Once upon a time, thought Lily as she skipped along, there lived a beautiful young princess. In her head the princess had her face and was laying on a bed of pretty flowers, sleeping peacefully and waiting for her prince. She had heard the tale a hundred times and couldnʼt wait to hear it again, Grandmother told it so well.
Turning the corner she came across a bush of bright red roses. The flowers were so pretty she decided to pick one for Grandmother. She set down her basket, reached out… and felt the sharp prick of a thorn. A bead of blood welled from the tip of her thumb. Tears stung her eyes but she bit her lip and stopped herself from crying. She put her thumb in her mouth. It tasted like pennies.
Lily took up the basket and continued on her way, hurrying past Mr Woodsmanʼs house as quickly as she could. She could not say why, but Mr Woodsman made her feel all strange. Perhaps it was his wild eyes. She was almost past his window when the curtains parted. He smiled and waved but Lily walked on like she hadnʼt seen him, escaping to the tale in her head, of the beautiful princess – and now here comes the handsome prince. But she could feel his eyes following her, like insects crawling all over her skin.
She hated passing Mr Woodsmanʼs, it was as if he knew she were coming. Every time she went to visit Grandmother at Three Oaks House, Mr Woodsman would part the curtains just as she walked by. But still, it would never stop Lily from visiting Grandmother.
Grandmother was ill and weak, she had been as long as Lily could remember, and Mother would give Lily grape juice and banana bread to bring to her. She always said it would do her good. Perhaps it did, Grandmotherʼs face would shine like the sun when Lily walked in wearing her scarlet raincoat, carrying her little basket. The thought made her smile, and she forgot all about Mr Woodsman and the prick of the rose.
Mr Wolfe was stood on his lawn as usual, his hands deep in his pockets, smiling as he watched the children wandering home from the park. Mother told her not to talk to him, but Lily liked Mr Wolfe: he was always happy and he always said hello. And he would take a sweet from his pocket and give it to her with a smile, mussing her hair with his huge hand saying: “Donʼt tell your mother, sheʼll have my hide!”
He smiled his usual smile now, as he saw Lily approaching. “Good day, little red!” he called, “off to see your grandmother?” Tufts of hair grew out of his big, funny ears.
“Yes, Mr Wolfe,” replied Lily.
“Oh you are a good child,” he said, reaching deep into his pockets. After a moment he frowned. “I seem to have run out of sweets. There are more inside the house, come along little red!”
Lily went with him into the house. As she entered she looked back at Mr Woodsmanʼs house and saw the curtains jerk shut.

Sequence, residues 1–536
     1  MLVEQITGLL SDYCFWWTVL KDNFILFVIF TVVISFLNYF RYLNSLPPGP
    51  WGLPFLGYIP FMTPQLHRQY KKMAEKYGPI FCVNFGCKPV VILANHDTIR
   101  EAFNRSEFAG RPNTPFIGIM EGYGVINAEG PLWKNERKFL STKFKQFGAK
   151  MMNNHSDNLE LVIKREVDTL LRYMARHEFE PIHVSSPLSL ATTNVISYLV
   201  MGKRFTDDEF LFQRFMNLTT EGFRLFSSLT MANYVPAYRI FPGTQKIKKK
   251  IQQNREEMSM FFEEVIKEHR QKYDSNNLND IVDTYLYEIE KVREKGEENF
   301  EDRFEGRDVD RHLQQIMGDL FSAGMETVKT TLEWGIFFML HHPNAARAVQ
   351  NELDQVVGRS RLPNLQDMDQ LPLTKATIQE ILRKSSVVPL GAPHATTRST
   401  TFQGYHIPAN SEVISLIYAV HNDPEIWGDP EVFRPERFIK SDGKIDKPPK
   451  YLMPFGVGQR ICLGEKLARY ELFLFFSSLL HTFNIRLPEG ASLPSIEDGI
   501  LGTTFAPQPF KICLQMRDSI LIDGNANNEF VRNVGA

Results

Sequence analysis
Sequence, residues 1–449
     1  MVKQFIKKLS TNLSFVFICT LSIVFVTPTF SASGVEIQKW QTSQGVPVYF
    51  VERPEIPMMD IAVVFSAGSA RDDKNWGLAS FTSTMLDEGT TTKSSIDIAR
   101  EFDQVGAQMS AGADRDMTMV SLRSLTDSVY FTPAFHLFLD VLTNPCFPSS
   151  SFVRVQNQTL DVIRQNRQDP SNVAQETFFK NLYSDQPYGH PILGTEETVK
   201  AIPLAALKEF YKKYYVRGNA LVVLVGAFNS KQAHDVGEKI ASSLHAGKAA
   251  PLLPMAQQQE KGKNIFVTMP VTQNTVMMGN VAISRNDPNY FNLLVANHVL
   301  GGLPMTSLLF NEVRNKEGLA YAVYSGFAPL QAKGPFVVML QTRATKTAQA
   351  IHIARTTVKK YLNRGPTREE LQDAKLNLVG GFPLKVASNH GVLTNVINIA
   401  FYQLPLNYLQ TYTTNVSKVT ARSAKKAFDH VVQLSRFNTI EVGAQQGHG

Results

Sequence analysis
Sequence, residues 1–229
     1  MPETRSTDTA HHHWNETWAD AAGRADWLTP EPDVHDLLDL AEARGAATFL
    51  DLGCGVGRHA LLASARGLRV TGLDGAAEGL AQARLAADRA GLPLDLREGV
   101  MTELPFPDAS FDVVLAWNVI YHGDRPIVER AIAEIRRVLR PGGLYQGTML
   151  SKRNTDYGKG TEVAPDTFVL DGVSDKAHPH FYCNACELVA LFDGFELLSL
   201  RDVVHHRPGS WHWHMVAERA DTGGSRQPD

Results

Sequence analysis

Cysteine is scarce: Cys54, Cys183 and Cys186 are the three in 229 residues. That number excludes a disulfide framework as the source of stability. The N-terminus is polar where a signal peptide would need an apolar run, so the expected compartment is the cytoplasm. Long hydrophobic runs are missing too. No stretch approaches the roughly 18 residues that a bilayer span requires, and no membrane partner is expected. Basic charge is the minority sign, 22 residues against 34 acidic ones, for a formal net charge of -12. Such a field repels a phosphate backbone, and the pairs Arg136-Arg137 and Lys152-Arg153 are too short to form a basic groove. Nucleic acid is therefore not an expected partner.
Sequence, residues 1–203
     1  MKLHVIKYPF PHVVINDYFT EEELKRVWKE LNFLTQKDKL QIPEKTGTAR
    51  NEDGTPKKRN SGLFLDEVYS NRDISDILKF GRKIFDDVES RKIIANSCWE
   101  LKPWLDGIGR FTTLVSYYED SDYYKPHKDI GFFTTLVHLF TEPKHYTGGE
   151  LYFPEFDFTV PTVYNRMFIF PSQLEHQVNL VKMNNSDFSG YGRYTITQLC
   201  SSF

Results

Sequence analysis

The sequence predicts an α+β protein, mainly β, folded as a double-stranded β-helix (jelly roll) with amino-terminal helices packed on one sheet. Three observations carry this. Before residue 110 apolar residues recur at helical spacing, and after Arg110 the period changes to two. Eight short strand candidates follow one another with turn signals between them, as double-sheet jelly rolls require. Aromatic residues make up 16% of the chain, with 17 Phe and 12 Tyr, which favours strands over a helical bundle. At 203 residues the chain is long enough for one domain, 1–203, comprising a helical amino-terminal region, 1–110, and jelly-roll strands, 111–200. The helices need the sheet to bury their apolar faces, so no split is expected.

Inside it smelled like Grandmother and Lily smiled and felt at home. She could not understand why Mother would tell her to stay away from this nice man. Old Mr Wolfe smiled. “I think theyʼre upstairs,” he said. “One moment, little red.” He started climbing the staircase.
Lily took a seat, her little red shoes dangling off the floor, thinking once more of her story. The prince has to save the princess, she thought, but what from? She hated monsters, they scared her, and so did witches too.
BOOM! BOOM! BOOM! came a banging at the door, so sudden it startled Lily almost to tears.
Mr Wolfe was hurrying back downstairs. “OK, hold on!” he called, “Iʼm coming!”
BOOM! BOOM! BOOM! again, angry and loud – so loud. What was happening? Lily was terribly frightened; tears streamed down her cheeks, her face felt flushed and hot.
Mr Wolfe walked to the door. Glancing into the living room and seeing Lily crying, he said, “Shush, little red, donʼt be afraid,” but his eyes were scared too.
The click of the lock and the door burst open. “Where is she?” demanded a voice. A thumping of footsteps and Mr Woodsman bulled into the living room. His wild eyes settled on Lily, who sat on the floor bawling in fear.
He stopped dead. “What have you done to her?” he said, his voice quiet and hard as stone.
“Youʼre frightening the poor girl,” said Mr Wolfe, pushing past Mr Woodsman. “Donʼt be afraid.” He reached out for her.
“Donʼt you touch her!” howled Mr Woodsman, lurching forward. He grabbed for Mr Wolfe and pulled him from Lily, throwing him across the room with a growl. The old man stumbled, fell. His head hit the edge of the coffee table with a sound that made Lily sick, and he collapsed onto the floor.
And now he lay unmoving, staring sightlessly at the ceiling.
Mr Woodsman stood with tears in his wild eyes, staring at the old man, and Lily could not look away from the dark red pool growing underneath Mr Wolfeʼs head.
And now Mr Woodsman was crouched before her, saying something to her, over and over. “Look at me, Lily,” he said, “look at me.” He took her head in his hands and turned her face to his. “Did he touch you?” he asked in a shaky voice. He was crying. Lily was crying no more. “Donʼt worry, youʼre safe,” and he took her in his arms and lifted her from the floor.
As he carried her out, she squeezed her eyes shut and desperately tried to recall the story of the beautiful princess. But it was no use – each time she closed her eyes all she saw was Mr Wolfeʼs lifeless stare. Outside, the dying light of day cast long, dark shadows and painted the sky red.